Canis ISSN: 2398-2942

Vaccination strategies - the future

Contributor(s): David Sutton

Introduction

  • There are historical reasons why the current vaccination strategy developed - often relating to the demands of the veterinary profession.
  • Multivalent vaccines were developed to provide concurrent protection against infectious diseases.
  • Annual booster vaccination schemes were first introduced to simplify the revaccination schedules.
  • Many of the problems associated with the current datasheet recommendations for vaccine use stem from the vaccine licensing procedure.
  • In most cases risk-benefit analysis is performed to establishthe overall usefulness and requirement for a new product.
    One drawback of this approach is that there is still little quantitative information on the prevalence of infectious disease in domestic pets.
  • It is recognized that vaccination may be less effective in the field situation than under laboratory conditions.
  • The regulatory authorities ideally require that duration of immunity claims are substantiated by laboratory and field trial data.
  • By its nature, producing data for long term immunity is time consuming and technically problematical. For example Home Office regulations make it difficult to isolate animals older than 1 year. Most manufacturers have compromised by providing data only to support a one year duration of immunity claim.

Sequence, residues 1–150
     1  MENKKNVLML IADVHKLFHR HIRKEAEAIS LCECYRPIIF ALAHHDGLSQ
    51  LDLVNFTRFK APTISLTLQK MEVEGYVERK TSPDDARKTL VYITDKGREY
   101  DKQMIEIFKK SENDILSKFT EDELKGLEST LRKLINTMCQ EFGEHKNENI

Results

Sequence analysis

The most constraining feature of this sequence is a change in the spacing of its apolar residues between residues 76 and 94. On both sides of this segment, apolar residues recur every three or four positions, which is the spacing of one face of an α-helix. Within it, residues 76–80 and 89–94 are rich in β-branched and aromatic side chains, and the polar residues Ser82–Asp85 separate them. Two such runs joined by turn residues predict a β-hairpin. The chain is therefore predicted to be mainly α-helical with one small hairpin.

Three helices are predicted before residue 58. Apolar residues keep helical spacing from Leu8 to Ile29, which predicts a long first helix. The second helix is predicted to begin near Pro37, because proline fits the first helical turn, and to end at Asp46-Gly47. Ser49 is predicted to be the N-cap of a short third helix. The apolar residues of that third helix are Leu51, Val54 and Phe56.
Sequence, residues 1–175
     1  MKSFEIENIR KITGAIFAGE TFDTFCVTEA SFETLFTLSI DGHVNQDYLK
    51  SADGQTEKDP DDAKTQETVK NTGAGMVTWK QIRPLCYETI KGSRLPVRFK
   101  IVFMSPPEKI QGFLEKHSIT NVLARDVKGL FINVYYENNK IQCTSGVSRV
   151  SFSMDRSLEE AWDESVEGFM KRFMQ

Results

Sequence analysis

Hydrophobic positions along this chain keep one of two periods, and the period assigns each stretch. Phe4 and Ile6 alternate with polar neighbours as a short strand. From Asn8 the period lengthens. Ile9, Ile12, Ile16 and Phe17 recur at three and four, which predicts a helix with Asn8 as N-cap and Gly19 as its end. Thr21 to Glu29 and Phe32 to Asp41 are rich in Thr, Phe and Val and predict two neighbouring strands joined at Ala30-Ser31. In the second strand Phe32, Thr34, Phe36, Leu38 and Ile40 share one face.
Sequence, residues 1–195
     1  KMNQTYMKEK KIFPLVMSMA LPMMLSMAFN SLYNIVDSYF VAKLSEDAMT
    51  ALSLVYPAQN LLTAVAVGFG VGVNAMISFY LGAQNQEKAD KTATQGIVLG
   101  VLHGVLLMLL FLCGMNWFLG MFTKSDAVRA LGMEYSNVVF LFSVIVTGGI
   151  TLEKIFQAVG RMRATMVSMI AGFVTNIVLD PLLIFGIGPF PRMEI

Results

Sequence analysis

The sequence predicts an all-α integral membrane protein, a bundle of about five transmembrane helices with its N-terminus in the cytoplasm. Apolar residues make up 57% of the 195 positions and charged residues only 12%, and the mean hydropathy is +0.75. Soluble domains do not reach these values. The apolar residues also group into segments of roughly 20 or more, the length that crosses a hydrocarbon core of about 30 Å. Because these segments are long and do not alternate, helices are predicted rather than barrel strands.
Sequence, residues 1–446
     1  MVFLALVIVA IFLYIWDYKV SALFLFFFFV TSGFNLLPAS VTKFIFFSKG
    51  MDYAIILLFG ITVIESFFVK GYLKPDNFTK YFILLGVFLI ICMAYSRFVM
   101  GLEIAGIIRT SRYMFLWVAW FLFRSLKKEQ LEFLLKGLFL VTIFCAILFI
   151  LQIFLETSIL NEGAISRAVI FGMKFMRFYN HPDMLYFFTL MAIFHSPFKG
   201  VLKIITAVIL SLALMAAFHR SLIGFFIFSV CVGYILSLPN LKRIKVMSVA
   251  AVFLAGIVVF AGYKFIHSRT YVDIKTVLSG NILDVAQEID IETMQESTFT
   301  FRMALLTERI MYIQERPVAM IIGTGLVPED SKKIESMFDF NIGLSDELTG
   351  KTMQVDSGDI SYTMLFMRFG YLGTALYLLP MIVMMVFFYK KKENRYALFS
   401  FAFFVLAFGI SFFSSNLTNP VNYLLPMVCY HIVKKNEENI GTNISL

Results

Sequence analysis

In fact, challenge studies (to demonstrate level of protection) are usually carried out within a few weeks of the last vaccine dose.
  • The one year efficacy data is derived from demonstration of 'adequate' antibody titers and challenge studies (although the challenge model can be difficult in older animals).
  • Most vaccines are multivalent (containing many different antigens) and the duration of immunity claim has to be based on the shortest duration of immunity provided by any of the components.
    The one year claim is therefore an absolute minimum duration of action for the product.
  • In some cases duration of immunity is unknown and therefore, for example, although the current recommendations are for annual revaccination with FeLV or injectable parainfluenza vaccines, there is poor evidence for duration of immunity.

Booster vaccinations - do pets need them?

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How often do we need to vaccinate?

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What else can be done?

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What should the veterinary profession be doing?

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The Future

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Further Reading

Publications

Refereed papers

  • Recent references from PubMed and VetMedResource.
  • Gaskell R M, Gettinby G, Graham S J et al (2002) Veterinary Products Committee working group report on feline and canine vaccination. Vet Rec 150 (5), 126-134 PubMed.

Other sources of information

  • Greene C E & Appel M J (1998) Canine distemper. In: Infectious diseases of the dog and cat. 2nd edition. Ed C E Greene Philadelphia, W B Saunders pp 9-22.


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